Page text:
When I got it, it was in the aforementioned blue and the clear coat was peeling badly. The tires were tiny, bald, and randomly selected. So the first thing I did was to go and spend eight hundred dollars on new tires. The next thing was to rebuild the carburetor as usual, and to give it a tune-up.  After all of that, and replacing the many gallons of gear oil it held, it ran pretty decently. Next was the paint. Since I didn’t want to spend the money to get a good paint job and I couldn’t get the true military CARC paint, I instead went to Wallmart.  There I obtained several boxes of spray desert tan camo paint. Let me tell you, my thumb was tired after that eighty dollar rattle can job!

But I was not to concerned with looks. It was off-roading that I was interested in. And of course when you off-road much, you break stuff. I broke the side hanging gas tanks several times. Once having to pour the contents of one that had been ripped off into the other.

And then there was the time I broke the steering arm mount that was cast into the axle knuckle! (see video above) It took some searching to find a closed-knuckle Dana 70 front knuckle. They were used only on Dodges and Internationals. But eventually I found one and rebuilt the whole front end knuckles on both sides. I ended up having to make king pin shims out of a soda can as no one had them. But after it was all fixed up, it drove just as good as before.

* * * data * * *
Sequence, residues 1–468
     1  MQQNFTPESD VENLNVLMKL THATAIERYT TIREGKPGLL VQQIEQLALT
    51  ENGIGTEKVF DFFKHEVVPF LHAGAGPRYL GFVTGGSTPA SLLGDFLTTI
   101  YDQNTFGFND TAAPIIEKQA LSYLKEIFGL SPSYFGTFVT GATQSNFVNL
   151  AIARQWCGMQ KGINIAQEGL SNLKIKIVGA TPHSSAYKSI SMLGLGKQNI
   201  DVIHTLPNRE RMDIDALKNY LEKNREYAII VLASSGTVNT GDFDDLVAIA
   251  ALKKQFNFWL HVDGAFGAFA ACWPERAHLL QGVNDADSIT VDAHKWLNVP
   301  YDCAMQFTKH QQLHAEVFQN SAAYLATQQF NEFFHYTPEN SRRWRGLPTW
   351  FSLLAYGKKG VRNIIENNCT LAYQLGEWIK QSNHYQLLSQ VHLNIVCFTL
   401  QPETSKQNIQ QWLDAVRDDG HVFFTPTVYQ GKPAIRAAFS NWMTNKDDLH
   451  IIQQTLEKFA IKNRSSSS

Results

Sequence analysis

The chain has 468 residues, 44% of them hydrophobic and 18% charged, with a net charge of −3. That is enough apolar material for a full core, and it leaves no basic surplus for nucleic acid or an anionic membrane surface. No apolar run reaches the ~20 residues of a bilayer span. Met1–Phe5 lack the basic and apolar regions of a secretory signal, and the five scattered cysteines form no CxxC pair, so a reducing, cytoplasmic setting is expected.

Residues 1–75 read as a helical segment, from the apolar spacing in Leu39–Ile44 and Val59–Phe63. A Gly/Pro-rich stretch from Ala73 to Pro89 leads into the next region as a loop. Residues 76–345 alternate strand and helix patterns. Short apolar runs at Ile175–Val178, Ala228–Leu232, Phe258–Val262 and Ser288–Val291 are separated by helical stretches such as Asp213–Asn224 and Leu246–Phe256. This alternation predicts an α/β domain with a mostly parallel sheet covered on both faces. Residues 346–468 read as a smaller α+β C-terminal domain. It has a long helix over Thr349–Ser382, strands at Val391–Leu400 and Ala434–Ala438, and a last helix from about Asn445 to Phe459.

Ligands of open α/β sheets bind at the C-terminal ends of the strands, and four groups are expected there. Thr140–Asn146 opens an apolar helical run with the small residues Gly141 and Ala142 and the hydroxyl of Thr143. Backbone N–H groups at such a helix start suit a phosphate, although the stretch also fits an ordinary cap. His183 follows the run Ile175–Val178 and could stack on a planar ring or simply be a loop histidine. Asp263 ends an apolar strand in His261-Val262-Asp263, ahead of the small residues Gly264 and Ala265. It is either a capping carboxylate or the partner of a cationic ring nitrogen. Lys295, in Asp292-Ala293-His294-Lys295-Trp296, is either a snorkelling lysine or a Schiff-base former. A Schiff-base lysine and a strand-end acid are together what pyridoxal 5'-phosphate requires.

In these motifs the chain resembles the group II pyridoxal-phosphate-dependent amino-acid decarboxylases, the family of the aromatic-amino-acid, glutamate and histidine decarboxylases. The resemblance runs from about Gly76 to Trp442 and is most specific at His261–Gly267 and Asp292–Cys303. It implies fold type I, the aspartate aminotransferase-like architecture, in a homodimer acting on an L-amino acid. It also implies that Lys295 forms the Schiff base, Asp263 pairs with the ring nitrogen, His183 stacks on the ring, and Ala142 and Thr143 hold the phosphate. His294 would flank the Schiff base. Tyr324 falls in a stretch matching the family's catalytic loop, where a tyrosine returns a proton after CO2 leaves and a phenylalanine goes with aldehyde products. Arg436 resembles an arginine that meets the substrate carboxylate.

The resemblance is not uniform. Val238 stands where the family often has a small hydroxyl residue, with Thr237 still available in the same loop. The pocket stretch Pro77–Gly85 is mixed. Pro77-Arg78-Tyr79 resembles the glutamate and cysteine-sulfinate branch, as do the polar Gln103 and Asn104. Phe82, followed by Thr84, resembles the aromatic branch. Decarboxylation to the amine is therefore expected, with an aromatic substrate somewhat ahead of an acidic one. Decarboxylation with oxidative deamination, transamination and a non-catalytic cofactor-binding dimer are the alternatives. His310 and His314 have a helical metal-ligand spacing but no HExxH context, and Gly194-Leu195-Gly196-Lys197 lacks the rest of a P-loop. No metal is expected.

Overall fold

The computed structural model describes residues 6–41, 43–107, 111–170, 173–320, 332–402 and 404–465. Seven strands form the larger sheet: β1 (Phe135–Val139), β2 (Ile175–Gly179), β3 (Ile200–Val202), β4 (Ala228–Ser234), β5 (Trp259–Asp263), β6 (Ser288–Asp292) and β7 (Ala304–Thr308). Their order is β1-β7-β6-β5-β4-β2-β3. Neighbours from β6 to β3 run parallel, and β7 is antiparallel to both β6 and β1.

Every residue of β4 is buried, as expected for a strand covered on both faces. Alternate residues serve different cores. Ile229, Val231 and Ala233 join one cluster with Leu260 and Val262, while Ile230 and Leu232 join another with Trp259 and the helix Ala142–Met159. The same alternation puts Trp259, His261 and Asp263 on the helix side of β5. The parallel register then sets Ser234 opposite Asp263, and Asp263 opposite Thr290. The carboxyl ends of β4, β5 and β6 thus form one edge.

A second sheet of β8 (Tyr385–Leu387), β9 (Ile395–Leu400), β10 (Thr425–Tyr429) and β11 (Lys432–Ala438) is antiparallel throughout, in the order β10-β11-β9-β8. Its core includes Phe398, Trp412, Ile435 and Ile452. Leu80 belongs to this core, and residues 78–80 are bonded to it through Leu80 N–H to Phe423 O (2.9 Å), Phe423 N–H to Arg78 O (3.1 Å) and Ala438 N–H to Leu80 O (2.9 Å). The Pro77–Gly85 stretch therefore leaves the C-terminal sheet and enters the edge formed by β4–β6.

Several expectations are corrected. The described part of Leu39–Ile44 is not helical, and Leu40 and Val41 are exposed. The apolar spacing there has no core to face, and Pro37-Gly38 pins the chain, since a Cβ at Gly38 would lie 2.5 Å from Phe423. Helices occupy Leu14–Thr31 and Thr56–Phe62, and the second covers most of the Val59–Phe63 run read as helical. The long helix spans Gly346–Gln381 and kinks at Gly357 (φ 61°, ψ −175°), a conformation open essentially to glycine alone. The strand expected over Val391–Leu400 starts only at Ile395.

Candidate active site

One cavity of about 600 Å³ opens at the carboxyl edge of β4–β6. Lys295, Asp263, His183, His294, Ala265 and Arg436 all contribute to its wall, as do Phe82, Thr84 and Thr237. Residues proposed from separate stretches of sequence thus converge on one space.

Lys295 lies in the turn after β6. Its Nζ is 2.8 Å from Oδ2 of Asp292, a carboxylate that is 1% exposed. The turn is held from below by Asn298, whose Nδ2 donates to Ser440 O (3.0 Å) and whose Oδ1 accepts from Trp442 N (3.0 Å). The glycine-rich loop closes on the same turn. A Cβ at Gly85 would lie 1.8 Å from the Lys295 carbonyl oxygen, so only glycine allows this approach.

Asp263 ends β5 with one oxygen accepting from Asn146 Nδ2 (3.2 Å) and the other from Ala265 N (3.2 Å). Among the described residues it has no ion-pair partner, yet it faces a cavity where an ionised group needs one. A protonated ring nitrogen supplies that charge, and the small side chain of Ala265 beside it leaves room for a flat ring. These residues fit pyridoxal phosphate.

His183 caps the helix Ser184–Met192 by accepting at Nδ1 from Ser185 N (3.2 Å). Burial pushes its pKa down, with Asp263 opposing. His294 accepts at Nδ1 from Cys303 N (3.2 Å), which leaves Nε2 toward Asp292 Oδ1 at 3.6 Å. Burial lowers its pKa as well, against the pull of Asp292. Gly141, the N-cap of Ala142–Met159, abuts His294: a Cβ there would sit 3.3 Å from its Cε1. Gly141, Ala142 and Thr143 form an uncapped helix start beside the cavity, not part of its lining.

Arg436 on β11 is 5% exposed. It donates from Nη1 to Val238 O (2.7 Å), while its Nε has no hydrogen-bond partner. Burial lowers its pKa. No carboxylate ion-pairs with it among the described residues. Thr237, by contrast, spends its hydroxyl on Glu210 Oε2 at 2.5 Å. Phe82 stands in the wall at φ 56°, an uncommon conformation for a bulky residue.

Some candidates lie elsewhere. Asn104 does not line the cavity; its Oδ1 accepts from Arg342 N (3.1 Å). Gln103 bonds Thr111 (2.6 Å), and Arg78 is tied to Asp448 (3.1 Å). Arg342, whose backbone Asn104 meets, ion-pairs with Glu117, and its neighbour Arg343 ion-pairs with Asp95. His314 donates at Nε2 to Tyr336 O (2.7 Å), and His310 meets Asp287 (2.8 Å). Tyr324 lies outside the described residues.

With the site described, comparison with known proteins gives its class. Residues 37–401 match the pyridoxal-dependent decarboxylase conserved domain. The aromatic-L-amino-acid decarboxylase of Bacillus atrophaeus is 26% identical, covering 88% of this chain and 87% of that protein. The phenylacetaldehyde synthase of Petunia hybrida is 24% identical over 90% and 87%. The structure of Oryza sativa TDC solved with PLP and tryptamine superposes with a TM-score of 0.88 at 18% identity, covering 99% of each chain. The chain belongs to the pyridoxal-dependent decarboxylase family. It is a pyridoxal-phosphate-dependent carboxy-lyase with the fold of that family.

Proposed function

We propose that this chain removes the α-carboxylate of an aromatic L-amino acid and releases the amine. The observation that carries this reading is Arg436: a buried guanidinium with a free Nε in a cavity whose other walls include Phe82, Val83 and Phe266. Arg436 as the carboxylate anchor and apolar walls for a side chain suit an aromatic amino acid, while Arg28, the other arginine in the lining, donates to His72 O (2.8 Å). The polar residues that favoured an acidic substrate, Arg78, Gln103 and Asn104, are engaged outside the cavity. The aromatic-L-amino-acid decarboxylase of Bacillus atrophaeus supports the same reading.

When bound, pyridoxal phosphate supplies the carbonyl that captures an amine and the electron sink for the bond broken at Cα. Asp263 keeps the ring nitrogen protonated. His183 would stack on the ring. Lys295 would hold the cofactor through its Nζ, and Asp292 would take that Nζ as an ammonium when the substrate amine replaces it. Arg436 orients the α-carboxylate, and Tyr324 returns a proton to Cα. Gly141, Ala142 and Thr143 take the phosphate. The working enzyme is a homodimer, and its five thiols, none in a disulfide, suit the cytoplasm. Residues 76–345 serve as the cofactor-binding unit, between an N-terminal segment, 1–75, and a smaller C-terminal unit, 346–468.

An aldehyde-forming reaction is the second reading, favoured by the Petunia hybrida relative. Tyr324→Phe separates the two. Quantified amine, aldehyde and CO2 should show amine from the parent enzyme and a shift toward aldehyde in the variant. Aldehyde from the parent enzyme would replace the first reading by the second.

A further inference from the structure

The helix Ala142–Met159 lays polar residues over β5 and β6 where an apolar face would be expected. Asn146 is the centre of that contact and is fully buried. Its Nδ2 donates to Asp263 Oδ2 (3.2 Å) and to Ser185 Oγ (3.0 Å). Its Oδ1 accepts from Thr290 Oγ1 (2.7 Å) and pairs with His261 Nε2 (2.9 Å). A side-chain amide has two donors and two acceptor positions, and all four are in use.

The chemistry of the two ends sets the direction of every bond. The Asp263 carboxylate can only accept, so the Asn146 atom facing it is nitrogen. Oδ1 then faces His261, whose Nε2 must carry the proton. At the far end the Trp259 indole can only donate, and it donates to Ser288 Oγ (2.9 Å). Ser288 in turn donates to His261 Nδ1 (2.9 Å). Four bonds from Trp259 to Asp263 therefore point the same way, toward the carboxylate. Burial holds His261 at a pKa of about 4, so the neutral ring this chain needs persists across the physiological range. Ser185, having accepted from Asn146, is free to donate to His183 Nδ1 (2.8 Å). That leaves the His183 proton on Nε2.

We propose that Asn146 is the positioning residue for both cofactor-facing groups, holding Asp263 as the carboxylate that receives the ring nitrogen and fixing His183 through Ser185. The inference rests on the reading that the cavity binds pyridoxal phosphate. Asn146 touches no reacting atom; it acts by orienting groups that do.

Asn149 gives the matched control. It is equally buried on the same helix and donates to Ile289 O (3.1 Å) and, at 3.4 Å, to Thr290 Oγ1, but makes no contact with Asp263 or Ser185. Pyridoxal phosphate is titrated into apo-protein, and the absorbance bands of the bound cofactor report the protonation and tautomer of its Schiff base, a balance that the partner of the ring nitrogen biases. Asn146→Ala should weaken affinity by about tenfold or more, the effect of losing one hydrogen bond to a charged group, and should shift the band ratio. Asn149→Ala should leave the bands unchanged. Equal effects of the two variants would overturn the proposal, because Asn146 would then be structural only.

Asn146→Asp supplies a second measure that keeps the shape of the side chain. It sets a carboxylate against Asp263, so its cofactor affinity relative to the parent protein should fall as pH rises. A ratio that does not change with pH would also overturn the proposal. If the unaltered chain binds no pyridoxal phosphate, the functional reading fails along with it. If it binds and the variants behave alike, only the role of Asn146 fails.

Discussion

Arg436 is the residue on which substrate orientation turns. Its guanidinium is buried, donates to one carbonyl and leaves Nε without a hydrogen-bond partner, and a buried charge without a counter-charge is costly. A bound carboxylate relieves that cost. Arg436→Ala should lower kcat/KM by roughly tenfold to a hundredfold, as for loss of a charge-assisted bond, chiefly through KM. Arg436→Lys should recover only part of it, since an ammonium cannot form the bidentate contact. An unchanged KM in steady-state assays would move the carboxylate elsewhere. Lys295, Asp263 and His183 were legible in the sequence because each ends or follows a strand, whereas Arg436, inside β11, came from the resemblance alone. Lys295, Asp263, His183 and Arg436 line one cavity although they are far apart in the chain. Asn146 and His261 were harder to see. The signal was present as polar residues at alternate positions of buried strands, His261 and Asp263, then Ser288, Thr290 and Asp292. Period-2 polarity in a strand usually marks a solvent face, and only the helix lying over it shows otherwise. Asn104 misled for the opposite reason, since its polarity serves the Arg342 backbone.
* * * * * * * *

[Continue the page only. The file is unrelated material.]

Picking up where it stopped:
However there was a dark cloud lurking in the truck. Firstly Dodge never could make their body sheet metal and mounting well. Most of the old Dodges sound like a tool shed when you close the door. The entire front end sheet metal of my truck was cracking and beginning to rattle off. And then there was the wiring. It appeared as if someone with a huge soldering iron and some old household wiring had attempted to partly re-wire the truck with said instruments. All of this caused no end of grief.

But the one thing that kills these trucks is the rust. The sheet steel on the back is very thin and the braces under the interior paneling rust like an Austin Marina on the coast. I discovered all of this when I pulled out all of the old interior to replace the paneling and insulation.

Now is the part where you may begin to hate me (as I do myself). I decided to sell it because the prospect of fixing all of that rust was a bit overwhelming. And because it seemed a bit unseemly to have such a truck as one’s family car. At the time I was beginning to associate with, and attend conferences with national and international church leaders. It always elicited a bit of a raised eyebrow in the parking lot of a conference center, though our younger church members loved to ride in it. But my children complained that in the summer it was like an oven in the back.

But I discovered that you really can’t get much for an M886. Most people don’t know what they are and are more familiar with the Chevy M1010. It took a long time to find a buyer but eventually a man from northern California bought it for fifteen hundred dollars.  He only wanted the axles for a monster truck project. But I told myself it was no collector vehicle (it’s not really) and that it was rusty. So off it went on a flatbed trailer.

My children called it the “Soldier Truck” and today they have forgotten their dislike of the oven and it is their favorite car in memory. My wife also misses it and I do as well. I looked at two M886’s recently, but one was the usual rust bucket. And both of them had the standard set up with a slush box and full time four wheel drive; no thanks. I have been eying  M1010’s but there is still the prospect of driving such an ungainly rig around.  For now I have my 4×4 van that does all the same stuff and looks more civilized while doing it. Sigh…